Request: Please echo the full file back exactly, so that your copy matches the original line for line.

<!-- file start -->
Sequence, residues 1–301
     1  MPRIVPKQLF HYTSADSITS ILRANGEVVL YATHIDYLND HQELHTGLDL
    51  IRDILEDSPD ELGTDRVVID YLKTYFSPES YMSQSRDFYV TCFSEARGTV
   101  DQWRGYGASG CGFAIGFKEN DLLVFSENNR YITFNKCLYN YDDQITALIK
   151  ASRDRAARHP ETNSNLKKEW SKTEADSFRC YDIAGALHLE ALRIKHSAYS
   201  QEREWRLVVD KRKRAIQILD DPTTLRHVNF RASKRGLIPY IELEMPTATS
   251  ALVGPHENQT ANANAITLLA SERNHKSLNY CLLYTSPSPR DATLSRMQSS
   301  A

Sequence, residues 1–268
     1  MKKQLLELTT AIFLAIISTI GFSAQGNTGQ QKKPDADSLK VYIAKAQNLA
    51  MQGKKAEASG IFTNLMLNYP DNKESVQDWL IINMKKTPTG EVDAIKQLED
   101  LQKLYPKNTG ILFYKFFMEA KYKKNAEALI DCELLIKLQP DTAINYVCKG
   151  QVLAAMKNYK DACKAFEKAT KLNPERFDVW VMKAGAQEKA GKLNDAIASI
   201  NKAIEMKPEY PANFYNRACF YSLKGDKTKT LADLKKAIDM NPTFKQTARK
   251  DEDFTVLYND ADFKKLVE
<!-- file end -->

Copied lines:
Sequence, residues 1–301
     1  MPRIVPKQLF HYTSADSITS ILRANGEVVL YATHIDYLND HQELHTGLDL
    51  IRDILEDSPD ELGTDRVVID YLKTYFSPES YMSQSRDFYV TCFSEARGTV
   101  DQWRGYGASG CGFAIGFKEN DLLVFSENNR YITFNKCLYN YDDQITALIK
   151  ASRDRAARHP ETNSNLKKEW SKTEADSFRC YDIAGALHLE ALRIKHSAYS
   201  QEREWRLVVD KRKRAIQILD DPTTLRHVNF RASKRGLIPY IELEMPTATS
   251  ALVGPHENQT ANANAITLLA SERNHKSLNY CLLYTSPSPR DATLSRMQSS
   301  A

Sequence, residues 1–268
     1  MKKQLLELTT AIFLAIISTI GFSAQGNTGQ QKKPDADSLK VYIAKAQNLA
    51  MQGKKAEASG IFTNLMLNYP DNKESVQDWL IINMKKTPTG EVDAIKQLED
   101  LQKLYPKNTG ILFYKFFMEA KYKKNAEALI DCELLIKLQP DTAINYVCKG
   151  QVLAAMKNYK DACKAFEKAT KLNPERFDVW VMKAGAQEKA GKLNDAIASI
   201  NKAIEMKPEY PANFYNRACF YSLKGDKTKT LADLKKAIDM NPTFKQTARK
   251  DEDFTVLYND ADFKKLVE